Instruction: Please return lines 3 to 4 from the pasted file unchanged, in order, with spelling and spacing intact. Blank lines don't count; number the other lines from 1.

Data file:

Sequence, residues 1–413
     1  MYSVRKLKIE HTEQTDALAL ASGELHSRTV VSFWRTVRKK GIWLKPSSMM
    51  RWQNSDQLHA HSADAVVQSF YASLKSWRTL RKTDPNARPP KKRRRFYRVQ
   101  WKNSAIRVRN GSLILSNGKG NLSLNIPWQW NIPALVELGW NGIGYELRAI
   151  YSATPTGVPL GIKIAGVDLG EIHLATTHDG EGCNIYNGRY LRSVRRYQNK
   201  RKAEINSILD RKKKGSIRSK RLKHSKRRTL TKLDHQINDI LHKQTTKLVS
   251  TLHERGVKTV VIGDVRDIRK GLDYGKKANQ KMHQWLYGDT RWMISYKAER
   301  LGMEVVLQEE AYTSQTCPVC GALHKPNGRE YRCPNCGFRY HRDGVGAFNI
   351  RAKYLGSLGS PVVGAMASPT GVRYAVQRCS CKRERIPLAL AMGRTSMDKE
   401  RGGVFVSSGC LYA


    51  RWQNSDQLHA HSADAVVQSF YASLKSWRTL RKTDPNARPP KKRRRFYRVQ
   101  WKNSAIRVRN GSLILSNGKG NLSLNIPWQW NIPALVELGW NGIGYELRAI